4. Rachel Bromwich, Trioedd Ynys Prydein: The Triads of the Island of Britain. University Of Wales Press, 2006.
5. Bromwich, Ibid. The Names of the Isle of Britain (Enweu ynys Prydein) - “The first name that this island bore, before it was taken or settled: Myrddin's Precinct. And after it was taken and settled, the island of Honey. And after it was conquered by Prydein son of Aedd Mawr, it was called the Isle of Prydein (Britain).”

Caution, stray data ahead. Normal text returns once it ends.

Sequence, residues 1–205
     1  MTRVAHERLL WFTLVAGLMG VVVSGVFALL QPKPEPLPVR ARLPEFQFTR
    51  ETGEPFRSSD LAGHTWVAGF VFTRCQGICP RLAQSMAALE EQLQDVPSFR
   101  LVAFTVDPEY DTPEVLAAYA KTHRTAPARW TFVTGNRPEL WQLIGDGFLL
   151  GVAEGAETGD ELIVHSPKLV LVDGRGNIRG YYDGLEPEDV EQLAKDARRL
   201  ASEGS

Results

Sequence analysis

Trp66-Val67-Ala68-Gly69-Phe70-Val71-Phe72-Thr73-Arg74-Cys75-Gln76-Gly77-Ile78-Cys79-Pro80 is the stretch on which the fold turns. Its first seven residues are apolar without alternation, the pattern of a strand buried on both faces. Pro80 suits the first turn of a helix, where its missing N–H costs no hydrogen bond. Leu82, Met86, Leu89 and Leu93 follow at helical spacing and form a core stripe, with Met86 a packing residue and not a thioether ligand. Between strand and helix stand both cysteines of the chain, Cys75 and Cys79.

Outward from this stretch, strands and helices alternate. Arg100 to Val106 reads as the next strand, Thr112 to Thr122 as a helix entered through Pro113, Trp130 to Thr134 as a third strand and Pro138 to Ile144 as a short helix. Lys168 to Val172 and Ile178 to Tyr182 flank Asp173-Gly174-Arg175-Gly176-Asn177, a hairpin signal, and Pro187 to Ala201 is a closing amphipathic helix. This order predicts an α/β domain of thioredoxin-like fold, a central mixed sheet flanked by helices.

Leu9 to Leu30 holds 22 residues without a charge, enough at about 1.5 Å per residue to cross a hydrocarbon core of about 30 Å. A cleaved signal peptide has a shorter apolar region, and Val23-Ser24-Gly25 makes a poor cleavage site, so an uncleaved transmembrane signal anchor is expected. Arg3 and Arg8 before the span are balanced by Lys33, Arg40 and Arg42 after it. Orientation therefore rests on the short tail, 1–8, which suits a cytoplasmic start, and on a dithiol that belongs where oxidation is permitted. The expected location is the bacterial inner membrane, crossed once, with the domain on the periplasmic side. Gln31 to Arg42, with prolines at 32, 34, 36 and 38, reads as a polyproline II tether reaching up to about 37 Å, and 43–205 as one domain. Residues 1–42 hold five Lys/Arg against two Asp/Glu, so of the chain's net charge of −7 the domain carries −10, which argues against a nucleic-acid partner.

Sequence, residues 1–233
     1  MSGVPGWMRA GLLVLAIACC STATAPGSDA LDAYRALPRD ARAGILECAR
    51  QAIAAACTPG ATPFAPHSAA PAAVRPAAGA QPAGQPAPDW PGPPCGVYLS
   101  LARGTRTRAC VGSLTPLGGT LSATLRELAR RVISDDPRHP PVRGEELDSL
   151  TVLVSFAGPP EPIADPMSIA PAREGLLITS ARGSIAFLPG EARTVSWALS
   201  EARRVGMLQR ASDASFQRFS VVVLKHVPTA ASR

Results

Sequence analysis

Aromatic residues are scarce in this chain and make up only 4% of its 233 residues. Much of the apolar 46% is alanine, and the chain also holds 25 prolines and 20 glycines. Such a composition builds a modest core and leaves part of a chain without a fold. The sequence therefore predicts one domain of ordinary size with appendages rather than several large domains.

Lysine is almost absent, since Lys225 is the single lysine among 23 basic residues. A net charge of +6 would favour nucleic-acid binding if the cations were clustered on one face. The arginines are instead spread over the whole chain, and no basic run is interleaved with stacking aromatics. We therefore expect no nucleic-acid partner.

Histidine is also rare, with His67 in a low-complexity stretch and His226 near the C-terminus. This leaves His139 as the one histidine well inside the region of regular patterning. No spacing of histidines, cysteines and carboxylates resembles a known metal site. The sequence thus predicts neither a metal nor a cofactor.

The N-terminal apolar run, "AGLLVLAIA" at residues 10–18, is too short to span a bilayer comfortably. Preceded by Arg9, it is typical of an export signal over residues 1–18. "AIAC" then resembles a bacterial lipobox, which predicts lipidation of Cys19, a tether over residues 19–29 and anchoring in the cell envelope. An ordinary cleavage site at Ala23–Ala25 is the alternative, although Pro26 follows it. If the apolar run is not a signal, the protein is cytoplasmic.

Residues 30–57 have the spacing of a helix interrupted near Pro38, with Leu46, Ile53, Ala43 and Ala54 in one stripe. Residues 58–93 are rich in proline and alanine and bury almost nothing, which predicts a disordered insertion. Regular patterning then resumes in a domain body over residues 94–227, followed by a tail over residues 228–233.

6. John Morris, ed. and trans., History of the British (Historia Brittonum), in Nennius: British History and the Welsh Annals, Phillimore, 1980.
7. Morris, Ibid.
8. Karen Jankulak, Geoffrey of Monmouth, University of Wales Press, 2010.
9. Jankulak, Ibid.